The 20-day high is still above $41k, with the low just below $29k. I expect that range to narrow. I have added a trendline with three touches, which is being challenged today. It ought to break through soon as the trend is -97% per annum which, as you can imagine, gets expensive if it holds for long. If so, another attempt at $40k is inevitable.
Source: Bloomberg. Bitcoin with max-min in the past six months.
The technical case against is the medium-term downtrend. Lower highs and lows need to reverse. A break of the blue 20-day max should lead to a short squeeze.
The big story on the chain this week is the difficulty adjustment I covered in the main piece, but I’ll touch on three charts of interest.
Firstly, the ByteTree Fair Valueindicator sits at $20k and has turned down slightly.
Fair value at $20k
Source: ByteTree. ByteTree Fair Value vs the price of Bitcoin (USD) over the past 12 weeks.
That puts the premium at 75% above Fair Value. It’s not that price can’t move higher, but the likelihood of a materially profitable move in the short-term is greatly reduced. Of course, if the blue line turns up, driven by more transactional activity, then great.
75% premium to fair value
Source: ByteTree. Bitcoin at a premium (red) or discount (green) over the past 12 weeks.
Finally, the IDR has turned down, having retested 99%. It is becoming clearer that the institutional (large) network activity is below the levels seen when the price was stronger earlier this year. This also needs to pick up.
IDR fails to break 99%
Source: ByteTree. Institutional Dominance Ratio (IDR) vs the price of Bitcoin, since February 2021.
If you want to learn more about IDR, I wrote this last week.
The dollar rally is still with us. Generally speaking, this puts pressure on the global economy, and investing is generally more profitable when it is going down.
Source: Bloomberg. Bitcoin with max-min in the past six months.
And here’s why. It’s early days but using the example of GBP-USD, you can see how closely it has followed the difference in real interest rates between the two countries. Like all financial charts, it’s at times sketchy, but the point is made.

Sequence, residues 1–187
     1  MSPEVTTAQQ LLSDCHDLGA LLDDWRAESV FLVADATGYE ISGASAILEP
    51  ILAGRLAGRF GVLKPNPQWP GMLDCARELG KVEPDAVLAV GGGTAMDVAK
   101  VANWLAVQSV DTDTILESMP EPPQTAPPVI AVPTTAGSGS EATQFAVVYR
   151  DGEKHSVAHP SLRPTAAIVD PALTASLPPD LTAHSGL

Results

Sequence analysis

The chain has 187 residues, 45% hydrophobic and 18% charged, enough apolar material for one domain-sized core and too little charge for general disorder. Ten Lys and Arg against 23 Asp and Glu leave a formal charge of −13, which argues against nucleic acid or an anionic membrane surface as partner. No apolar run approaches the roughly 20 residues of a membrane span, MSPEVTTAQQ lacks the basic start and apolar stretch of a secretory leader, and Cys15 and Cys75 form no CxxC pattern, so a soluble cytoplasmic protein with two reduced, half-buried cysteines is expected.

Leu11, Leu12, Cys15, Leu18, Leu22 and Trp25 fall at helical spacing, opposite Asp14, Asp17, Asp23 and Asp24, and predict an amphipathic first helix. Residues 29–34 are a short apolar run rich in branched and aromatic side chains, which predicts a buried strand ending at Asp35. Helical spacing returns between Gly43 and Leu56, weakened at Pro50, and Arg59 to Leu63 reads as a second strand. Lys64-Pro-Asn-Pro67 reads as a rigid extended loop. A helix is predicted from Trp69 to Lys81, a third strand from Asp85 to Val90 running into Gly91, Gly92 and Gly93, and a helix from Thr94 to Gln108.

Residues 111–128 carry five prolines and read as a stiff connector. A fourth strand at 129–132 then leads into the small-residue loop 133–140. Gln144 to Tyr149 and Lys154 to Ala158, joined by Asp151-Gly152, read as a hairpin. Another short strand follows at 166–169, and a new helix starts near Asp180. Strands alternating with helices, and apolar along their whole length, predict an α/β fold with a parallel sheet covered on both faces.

This year, the spread has started to favour the dollar, as the red line has started to fall. The US dollar offers a marginally higher real rate (rate less expected inflation in 10 years’ time) than the pound compared to 2020. What’s happening to GBP is similar to other currencies. Money is headed back to the USA, which tends to make global asset prices less buoyant.
GBP eases as the rate gap favours the dollar
Source: Bloomberg. GBP-USD and 10-year real interest rate difference since 2010.
It’s early days, but something to watch.
The fund holdings seem to be relatively stable, which is good to see. But I would think a surge in price needs to be backed up by inflows. I’ll take stability, and the key point is that we are not seeing mass outflows.
Bitcoin fund flows are stable
Source: ByteTree Asset Management. Bitcoin held by funds (yellow) vs the price of Bitcoin (blue), since the end of April.
The crypto stocks are all ahead of Bitcoin this year. That implies equity investors are bullish.
Crypto stocks hold the faith
Source: Bloomberg. Leading crypto stocks relative to BTC in 2021.
To understand this, I turn to the gold market and remind myself of the relationship between gold and the gold miners.
The miners normally seem to outstay their welcome, as seen in 2015 and
- There is good reason for outperformance on the way up, but it neither confirms nor denies rallies. It just confirms sentiment.
Higher prices for the gold miners relative to gold is telling us that the market participants are bullish. If gold doesn’t rally, then expect a nasty setback. As it happens, the ByteTree gold valuation model is still bullish.
Source: Bloomberg. Gold and the gold miners rebased to $100 since 2015.
The same holds true for crypto stocks that depend on the price of Bitcoin, one way or another. The resilience of crypto stocks is telling us that the market sentiment remains bullish. Take that as you will.
Overall, I’m more upbeat than last week as a break into the $20k territory was avoided. The blockchain will start to sort itself out from Saturday and readjust. We’ll see fees drop, and most likely, price consolidation continue. But remember, this is Bitcoin. Anything is possible.